Is PCBSD is a freebsd FreeBSD variant. It uses KDE but I would like to use gnome.

Any suggestion?
PCBSD will support multiple desktops, even Gnome, starting from release 9.

The way I see this is that FreeBSD, along with other *BSD, are a little scaring for the average user. The average user do not like terminals and shells, they like icons, menus and animations. Moreover there are more hardware issues with commodity peripherals than those with Linux, nowdays, so I think Linux will be a choice for the average-user-desktop for long time.This does not mean FreeBSD is not good enough, I personally think it is much more better than OSX, Windows (of course) and the majority of Linux around the world. Moreover I don't think FreeBSD on the desktop will happen when Linux happens, and in fact I believe that Gnome is an example of how bad portability can be for a desktop that claims to be OS independent.
 

adamk

Daemon

Thanks: 265
Messages: 1,622

#18
SirDice said:
FreeBSD will be ready when Linux for the desktop finally happens. Think about it, it's not the underlying OS that's the issue here. It's everything else surrounding it like Gnome, KDE or whatever desktop environment will be next. Since Linux and FreeBSD share those it'll happen at around the same time.
To be fair, things like the underlying OS can certainly be an issue, especially when it comes to hardware support.
 

SirDice

Administrator
Staff member
Administrator
Moderator

Thanks: 5,507
Messages: 25,688

#19
adamk said:
To be fair, things like the underlying OS can certainly be an issue, especially when it comes to hardware support.
True but from a user's perspective this is hardly relevant. If the hardware works the underlying OS is just not an issue. Most windows users wouldn't touch a command prompt with a ten foot pole. They also couldn't care less about drivers as long as it works.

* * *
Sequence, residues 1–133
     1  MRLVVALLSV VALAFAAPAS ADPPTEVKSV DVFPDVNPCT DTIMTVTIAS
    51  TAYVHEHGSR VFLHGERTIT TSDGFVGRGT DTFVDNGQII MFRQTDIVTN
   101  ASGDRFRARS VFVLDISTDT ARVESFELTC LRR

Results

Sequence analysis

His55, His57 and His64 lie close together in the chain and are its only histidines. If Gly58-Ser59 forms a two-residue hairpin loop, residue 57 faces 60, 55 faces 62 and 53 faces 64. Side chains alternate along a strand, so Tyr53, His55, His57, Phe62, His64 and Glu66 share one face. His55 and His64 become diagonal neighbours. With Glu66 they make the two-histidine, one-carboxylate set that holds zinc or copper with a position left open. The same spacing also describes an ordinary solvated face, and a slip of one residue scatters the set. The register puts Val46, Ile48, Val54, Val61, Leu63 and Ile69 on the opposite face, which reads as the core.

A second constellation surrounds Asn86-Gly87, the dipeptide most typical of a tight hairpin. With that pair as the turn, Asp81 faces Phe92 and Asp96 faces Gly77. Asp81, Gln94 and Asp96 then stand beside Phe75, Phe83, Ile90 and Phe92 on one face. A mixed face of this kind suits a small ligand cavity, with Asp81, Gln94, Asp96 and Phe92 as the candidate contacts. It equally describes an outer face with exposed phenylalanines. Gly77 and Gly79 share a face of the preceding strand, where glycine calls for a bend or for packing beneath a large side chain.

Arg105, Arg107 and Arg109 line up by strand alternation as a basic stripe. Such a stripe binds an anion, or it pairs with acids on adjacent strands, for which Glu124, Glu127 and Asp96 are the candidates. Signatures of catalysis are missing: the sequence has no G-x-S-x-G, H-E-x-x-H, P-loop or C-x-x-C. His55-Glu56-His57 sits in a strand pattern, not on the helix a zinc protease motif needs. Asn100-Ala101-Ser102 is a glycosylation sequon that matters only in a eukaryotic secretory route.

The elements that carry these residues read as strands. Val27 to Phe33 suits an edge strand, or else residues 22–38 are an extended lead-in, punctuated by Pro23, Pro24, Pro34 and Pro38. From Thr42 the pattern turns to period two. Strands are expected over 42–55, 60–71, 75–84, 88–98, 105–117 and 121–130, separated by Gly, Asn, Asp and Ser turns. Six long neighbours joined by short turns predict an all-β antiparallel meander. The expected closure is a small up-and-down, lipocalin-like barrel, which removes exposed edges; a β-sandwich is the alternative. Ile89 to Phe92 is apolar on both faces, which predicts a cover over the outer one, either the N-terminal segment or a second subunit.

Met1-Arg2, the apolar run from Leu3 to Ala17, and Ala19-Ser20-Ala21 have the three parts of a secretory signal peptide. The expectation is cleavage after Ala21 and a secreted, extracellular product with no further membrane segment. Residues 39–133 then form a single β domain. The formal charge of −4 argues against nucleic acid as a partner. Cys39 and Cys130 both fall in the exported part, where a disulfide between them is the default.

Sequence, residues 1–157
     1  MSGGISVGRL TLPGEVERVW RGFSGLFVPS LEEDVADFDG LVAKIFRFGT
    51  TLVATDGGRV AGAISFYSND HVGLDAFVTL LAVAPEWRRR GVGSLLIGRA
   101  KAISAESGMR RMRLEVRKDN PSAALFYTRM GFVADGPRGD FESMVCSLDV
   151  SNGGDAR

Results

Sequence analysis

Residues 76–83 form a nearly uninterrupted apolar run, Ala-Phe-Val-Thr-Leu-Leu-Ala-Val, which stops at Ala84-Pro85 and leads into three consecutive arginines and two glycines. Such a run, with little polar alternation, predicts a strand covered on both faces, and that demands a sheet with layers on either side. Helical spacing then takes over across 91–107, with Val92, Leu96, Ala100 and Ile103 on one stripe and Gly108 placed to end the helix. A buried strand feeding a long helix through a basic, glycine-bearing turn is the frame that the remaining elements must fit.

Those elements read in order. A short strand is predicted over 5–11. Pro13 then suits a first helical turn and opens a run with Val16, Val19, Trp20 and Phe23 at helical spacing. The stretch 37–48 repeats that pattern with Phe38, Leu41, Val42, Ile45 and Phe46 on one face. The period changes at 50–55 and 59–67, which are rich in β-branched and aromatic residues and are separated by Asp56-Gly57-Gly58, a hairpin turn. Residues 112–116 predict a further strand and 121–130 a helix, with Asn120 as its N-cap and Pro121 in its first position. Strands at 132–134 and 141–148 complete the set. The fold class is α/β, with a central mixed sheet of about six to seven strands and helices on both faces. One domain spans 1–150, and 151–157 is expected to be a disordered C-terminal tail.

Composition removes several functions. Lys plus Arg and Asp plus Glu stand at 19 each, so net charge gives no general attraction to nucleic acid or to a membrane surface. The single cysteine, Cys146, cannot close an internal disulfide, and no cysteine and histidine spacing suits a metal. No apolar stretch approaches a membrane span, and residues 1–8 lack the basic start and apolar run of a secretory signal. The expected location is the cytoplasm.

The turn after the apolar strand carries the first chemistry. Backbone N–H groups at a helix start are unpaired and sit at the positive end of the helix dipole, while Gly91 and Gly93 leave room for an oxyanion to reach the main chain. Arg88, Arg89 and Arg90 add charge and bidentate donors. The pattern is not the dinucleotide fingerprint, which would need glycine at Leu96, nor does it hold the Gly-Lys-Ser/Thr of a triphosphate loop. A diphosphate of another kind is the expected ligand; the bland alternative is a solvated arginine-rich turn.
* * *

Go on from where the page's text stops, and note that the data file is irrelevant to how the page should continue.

But things like creating and managing documents etc. is an issue for them. And it's here where things could use a lot of improvement.
 

adamk

Daemon

Thanks: 265
Messages: 1,622

#20
SirDice said:
True but from a user's perspective this is hardly relevant. If the hardware works the underlying OS is just not an issue. Most windows users wouldn't touch a command prompt with a ten foot pole. They also couldn't care less about drivers as long as it works.
That's kind of my point... The fact is, any piece of hardware you buy now is more likely to work properly with linux than FreeBSD. Don't get me wrong, FreeBSD isn't that bad at hardware support, but it's still behind when it comes to certain things like GPUs and wireless chips. For example, on ##freebsd last night someone asked about what driver to use with an HD6970. The only available one is vesa, which is likely highly relevant to that users decision on whether or not to stick with FreeBSD.

Adam
 

fluca1978

Aspiring Daemon

Thanks: 70
Messages: 735

#21
SirDice said:
True but from a user's perspective this is hardly relevant. If the hardware works the underlying OS is just not an issue. Most windows users wouldn't touch a command prompt with a ten foot pole. They also couldn't care less about drivers as long as it works.

But things like creating and managing documents etc. is an issue for them. And it's here where things could use a lot of improvement.
Agree, but this sounds the way of working of Apple: provide hardware with support by the OS. OpenSolaris did the same with Toshiba, I think it will be very good for any OS to have an hardware partner to provide desktop systems as well as workstations (iXsystems for servers come into my mind).